Robert Browning's Prose Life of Strafford

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Publist for The Browning Society by Kegan Paul, Trench, Trübner & Company, 1892 - 319 pages

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Page 166 - Cheapside, and had the remainder of his sentence executed upon him, by cutting off the other ear, slitting the other side of his nose, and branding the other cheek*.
Page 240 - Upon the eve of his elevation to the peerage, they had casually met at Greenwich, when, after a short conversation on public affairs, they separated with these memorable words, addressed by Pym to Wentworth. " You are going to leave us, but I will never leave you, while your head is upon your shoulders...
Page 252 - I cannot satisfy myself in honour or conscience without assuring you (now in the midst of your troubles), that upon the word of a king you shall not suffer in life, honour or fortune. This is but justice, and therefore a very mean reward from a master to so faithful and able a servant as you have showed yourself to be; yet it is as much as I conceive the present times will permit, though none shall hinder me from being Your constant, faithful friend, Charles R.
Page liii - Bill : and by this means to remove (praised be God) I cannot say this accursed (but I confess) this unfortunate thing, forth of the way towards that blessed agreement which God, I trust, shall ever establish between you and your subjects.
Page 272 - Put not your trust in princes, nor in the sons of men, for in them there is no salvation."*** He was soon able, however, to collect his courage; and he prepared himself to suffer the fatal sentence.
Page 248 - That, having tried the affections of his people, he was loose and absolved from all rules of government, and was to do every thing that power would admit...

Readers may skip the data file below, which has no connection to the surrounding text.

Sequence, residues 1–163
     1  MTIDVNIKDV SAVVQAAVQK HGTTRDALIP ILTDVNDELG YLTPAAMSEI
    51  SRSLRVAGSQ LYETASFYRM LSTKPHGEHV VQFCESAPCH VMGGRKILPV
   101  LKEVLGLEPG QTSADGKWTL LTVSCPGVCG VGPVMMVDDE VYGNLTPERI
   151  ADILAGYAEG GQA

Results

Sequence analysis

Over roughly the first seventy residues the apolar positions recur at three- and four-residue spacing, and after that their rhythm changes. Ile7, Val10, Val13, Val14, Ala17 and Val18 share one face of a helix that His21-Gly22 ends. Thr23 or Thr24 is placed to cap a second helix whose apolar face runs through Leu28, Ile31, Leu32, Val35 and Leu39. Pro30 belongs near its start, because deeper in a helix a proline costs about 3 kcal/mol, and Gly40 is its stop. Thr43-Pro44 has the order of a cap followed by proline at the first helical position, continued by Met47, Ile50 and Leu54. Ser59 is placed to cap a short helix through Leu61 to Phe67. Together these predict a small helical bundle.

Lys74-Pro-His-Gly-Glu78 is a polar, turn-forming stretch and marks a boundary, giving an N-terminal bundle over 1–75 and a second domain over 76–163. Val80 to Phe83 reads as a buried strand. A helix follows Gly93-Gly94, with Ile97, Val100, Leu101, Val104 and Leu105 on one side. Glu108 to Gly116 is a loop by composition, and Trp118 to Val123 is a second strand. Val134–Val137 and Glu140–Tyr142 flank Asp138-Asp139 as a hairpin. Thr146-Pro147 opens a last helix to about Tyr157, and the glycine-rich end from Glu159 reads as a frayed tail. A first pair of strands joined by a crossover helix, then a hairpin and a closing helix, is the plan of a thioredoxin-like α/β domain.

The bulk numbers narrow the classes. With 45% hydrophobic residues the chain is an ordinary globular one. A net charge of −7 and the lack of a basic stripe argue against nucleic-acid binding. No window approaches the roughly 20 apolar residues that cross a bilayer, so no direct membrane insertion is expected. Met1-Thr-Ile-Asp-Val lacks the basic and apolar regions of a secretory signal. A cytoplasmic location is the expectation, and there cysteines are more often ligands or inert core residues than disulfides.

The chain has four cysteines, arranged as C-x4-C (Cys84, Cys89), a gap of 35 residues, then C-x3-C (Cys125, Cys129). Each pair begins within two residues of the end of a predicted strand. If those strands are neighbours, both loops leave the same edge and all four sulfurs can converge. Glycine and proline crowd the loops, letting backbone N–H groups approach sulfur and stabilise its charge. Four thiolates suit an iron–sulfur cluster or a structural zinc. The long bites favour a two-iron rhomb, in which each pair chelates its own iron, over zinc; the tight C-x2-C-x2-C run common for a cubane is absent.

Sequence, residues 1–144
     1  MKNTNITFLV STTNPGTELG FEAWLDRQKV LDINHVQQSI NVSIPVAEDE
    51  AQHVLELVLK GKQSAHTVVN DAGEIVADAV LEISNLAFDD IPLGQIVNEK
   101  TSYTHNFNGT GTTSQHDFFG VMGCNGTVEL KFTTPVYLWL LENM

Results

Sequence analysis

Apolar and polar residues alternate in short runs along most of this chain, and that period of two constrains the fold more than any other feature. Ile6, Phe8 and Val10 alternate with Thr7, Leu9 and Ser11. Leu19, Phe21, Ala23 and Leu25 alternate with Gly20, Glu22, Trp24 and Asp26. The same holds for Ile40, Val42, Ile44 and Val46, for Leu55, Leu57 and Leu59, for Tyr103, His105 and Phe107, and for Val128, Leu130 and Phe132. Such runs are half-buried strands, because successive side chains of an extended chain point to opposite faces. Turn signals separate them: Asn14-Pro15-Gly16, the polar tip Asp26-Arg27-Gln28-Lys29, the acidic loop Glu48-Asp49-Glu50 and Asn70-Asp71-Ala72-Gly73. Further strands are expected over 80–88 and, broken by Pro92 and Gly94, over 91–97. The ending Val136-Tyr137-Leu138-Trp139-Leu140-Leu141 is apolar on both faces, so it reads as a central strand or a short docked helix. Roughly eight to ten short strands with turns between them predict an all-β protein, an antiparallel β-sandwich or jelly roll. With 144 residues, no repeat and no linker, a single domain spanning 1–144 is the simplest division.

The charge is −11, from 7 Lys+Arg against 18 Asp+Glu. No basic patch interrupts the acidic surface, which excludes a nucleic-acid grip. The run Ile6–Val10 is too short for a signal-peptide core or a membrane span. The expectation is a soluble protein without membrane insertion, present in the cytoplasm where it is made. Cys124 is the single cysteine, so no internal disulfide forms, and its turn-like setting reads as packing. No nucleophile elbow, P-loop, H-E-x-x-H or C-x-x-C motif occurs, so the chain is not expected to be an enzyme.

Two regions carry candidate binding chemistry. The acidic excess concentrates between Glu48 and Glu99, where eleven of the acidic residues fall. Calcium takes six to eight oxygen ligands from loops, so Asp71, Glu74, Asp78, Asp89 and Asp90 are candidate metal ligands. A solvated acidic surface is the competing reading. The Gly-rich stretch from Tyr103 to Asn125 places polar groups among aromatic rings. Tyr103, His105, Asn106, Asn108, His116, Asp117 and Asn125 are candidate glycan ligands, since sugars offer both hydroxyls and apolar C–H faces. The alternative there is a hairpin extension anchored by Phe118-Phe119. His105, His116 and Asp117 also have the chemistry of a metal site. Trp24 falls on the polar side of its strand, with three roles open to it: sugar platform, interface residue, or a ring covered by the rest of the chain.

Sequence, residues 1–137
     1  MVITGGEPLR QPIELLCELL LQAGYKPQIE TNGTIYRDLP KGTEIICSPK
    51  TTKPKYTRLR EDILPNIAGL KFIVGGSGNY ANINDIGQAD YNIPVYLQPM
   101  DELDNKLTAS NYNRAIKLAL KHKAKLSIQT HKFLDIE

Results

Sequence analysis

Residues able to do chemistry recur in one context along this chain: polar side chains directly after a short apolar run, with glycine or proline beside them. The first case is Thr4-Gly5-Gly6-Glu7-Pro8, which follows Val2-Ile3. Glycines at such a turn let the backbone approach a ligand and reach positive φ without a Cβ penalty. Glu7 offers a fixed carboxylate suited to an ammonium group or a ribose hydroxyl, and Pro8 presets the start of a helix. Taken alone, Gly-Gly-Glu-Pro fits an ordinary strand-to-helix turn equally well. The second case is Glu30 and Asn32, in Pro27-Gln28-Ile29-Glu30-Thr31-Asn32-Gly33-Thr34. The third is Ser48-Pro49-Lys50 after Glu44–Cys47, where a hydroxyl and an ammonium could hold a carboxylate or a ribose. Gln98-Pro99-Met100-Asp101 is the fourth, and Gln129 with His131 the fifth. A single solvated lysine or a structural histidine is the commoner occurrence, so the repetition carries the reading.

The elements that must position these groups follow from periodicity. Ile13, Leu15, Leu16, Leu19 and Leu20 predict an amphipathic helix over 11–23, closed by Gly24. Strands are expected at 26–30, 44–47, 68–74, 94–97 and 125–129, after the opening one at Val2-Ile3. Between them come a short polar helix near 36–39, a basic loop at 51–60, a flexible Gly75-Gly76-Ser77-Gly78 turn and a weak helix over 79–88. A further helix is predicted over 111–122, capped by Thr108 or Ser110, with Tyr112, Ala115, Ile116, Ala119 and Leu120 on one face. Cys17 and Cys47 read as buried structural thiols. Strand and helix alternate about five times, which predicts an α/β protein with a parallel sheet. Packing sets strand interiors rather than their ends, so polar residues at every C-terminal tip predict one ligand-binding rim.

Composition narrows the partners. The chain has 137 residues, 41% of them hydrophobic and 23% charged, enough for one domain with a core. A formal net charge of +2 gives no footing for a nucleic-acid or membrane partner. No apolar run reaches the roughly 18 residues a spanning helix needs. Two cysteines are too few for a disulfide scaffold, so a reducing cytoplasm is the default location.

Page 241 - The soul's dark cottage, battered and decayed, Lets in new light through chinks that Time has made: Stronger by weakness, wiser men become As they draw near to their eternal home. Leaving the old, both worlds at once they view That stand upon the threshold of the new.
Page 277 - I thank God I am no more afraid of death, nor daunted with any discouragements arising from my fears, but do as cheerfully put off my doublet at this time as ever I did when I went to bed.
Page 148 - I desire to be heard in," he added, " and do hope that for Christian charity's sake I shall be believed. I was so far from being against parliaments, that I did always think parliaments in England to be the happy constitution of the kingdom and nation, and the best means, under God, to make the King and his people happy.
Page 254 - ... inconvenience to yourselves. And though my words were not so advised and discreet, or so well weighed as they ought to have been, yet I trust your Lordships are too honorable and just to lay them to my charge as High Treason. Opinions may make a heretic, but that they make a traitor I have never heard till now.

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